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Saturday, 13 April, 2002, 05:57 GMT 06:57 UK
Nepal rebels kill dozens of police
Nepalese police post destroyed by rebels in February
Chances of a peace agreement now seem remote
Maoist rebels fighting Nepal's constitutional monarchy have attacked two key police posts in the west of the country, killing dozens of officers.

The raids in Dang district left at least 55 police officers and 12 rebels dead while six civilians were also killed in an attack on a bus, officials said.

The BBC's Daniel Lak in the capital Kathmandu says the casualty figure is likely to go up.

Both raids targeted the main east-west highway, one hitting a police station and the other a unit that guards a house belonging to the Interior Security Minister Khum Bahadur Khadka.

Our correspondent says the attacks will be particularly disturbing to the authorities as they appear to mark a return by the Maoists to targeting security forces.

Guerrilla tactics

The Maoists had recently concentrated on attacking electric power plants, local government offices and other parts of Nepal's infrastructure.

Maoist rebels in Nepal
The rebels are adept at surprise attacks in remote regions

But the latest attacks and the high number of casualties show they are still adept at using darkness and terrain to strike hard at security forces.

Thousands of rebels were involved, emerging at night from the thickly forested foothills of the Himalayas.

The interior security minister was not present when the rebels struck Satbariya, killing at least 35 policemen belonging to a special new unit set up specifically to combat the rebels.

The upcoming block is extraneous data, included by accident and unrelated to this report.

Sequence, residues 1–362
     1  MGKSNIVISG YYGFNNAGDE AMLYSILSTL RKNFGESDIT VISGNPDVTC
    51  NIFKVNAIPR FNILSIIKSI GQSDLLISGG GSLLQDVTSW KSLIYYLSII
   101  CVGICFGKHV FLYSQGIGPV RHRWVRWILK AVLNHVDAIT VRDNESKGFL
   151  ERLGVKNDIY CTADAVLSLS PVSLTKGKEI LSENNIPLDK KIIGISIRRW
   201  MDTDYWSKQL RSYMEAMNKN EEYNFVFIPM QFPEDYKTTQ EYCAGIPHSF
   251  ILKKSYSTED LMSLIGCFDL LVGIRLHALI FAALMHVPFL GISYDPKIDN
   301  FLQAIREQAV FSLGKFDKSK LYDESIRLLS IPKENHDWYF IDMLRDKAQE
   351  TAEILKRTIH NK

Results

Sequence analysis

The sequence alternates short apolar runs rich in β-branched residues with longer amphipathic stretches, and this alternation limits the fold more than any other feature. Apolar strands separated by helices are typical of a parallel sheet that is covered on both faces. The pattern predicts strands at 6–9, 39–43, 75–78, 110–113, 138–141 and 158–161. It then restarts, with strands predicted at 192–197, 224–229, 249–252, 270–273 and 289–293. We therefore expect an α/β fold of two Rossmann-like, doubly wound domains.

Bad weather prevented the army sending in reinforcements by helicopter and some reports suggest that as many as 100 policemen actually died there.

In the nearby town of Lamahi, the rebels killed at least 13 police and attacked a bus, killing six passengers.

They also bombed two banks and the local electricity supply house, cutting power and communication in the area.

No mood to surrender

The Dang raids were the biggest since late February, when 34 policemen were killed in Sitalpati while, in all, about 3,000 people have died since the start of the rebels' war in 1996.

King Gyanendra
King Gyanendra has imposed a state of emergency

King Gyanendra imposed a state of emergency on 26 November and gave the army sweeping powers after the rebels withdrew from peace talks.

Now the conflict seems only to be getting worse.

European Union diplomats accused the rebels earlier this week of merely adding to poverty in the region.

Both sides admit dialogue is the only way to end the fighting, our correspondent says, but the government wants a Maoist surrender first.

As these latest attacks show, laying down arms seems to be the furthest thing from the minds of an emboldened rebel leadership.

The BBC's Daniel Lak
"Both sides admit that dialogue is the only way to end the fighting"
See also:

04 Apr 02 | South Asia
Nepal eases emergency rules
01 Apr 02 | South Asia
Maoist rebels call off Nepal strike
29 Mar 02 | South Asia
Bomb blasts rock Nepalese capital
25 Feb 02 | Country profiles
Country profile: Nepal
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